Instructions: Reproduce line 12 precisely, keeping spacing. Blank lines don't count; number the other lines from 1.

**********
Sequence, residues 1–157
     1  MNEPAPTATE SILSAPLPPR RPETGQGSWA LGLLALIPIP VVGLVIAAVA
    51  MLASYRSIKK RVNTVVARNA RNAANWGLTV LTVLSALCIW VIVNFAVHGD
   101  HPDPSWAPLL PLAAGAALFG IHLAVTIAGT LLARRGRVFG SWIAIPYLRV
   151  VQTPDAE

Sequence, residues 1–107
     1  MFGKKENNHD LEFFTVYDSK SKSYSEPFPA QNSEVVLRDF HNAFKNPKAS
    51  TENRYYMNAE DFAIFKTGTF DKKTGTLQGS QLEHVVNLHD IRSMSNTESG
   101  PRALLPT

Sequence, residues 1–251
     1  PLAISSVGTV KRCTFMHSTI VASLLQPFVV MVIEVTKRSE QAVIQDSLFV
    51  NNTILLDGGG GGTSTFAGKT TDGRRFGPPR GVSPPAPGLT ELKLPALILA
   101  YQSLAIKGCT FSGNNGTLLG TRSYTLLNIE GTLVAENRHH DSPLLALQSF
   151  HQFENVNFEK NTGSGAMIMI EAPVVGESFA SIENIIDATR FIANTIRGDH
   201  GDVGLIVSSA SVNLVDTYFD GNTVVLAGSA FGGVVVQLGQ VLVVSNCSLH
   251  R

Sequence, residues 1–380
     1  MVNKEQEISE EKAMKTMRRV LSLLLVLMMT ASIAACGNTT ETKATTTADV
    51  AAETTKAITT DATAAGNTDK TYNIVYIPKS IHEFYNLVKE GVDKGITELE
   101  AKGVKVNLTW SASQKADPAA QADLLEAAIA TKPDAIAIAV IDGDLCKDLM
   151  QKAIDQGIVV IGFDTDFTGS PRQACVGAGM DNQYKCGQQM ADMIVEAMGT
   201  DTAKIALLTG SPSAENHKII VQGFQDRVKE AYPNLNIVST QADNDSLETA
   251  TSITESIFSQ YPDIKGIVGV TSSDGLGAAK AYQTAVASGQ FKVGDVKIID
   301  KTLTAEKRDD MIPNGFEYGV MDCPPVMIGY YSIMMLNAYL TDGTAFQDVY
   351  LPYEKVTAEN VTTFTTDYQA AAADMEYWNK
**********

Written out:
    51  NNTILLDGGG GGTSTFAGKT TDGRRFGPPR GVSPPAPGLT ELKLPALILA